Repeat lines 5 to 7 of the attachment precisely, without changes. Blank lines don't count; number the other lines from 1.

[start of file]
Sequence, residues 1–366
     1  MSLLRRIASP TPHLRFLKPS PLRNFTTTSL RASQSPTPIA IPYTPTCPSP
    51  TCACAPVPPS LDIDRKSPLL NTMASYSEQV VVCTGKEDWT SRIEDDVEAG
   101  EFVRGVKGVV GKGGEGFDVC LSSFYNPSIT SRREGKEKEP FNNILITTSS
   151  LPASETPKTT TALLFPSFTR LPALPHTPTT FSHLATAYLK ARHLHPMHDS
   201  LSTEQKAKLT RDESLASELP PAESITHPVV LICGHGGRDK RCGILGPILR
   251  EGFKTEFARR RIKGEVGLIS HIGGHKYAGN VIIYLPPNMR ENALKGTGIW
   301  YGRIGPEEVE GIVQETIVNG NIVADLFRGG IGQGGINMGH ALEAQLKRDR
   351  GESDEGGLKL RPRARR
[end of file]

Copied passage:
   151  LPASETPKTT TALLFPSFTR LPALPHTPTT FSHLATAYLK ARHLHPMHDS
   201  LSTEQKAKLT RDESLASELP PAESITHPVV LICGHGGRDK RCGILGPILR
   251  EGFKTEFARR RIKGEVGLIS HIGGHKYAGN VIIYLPPNMR ENALKGTGIW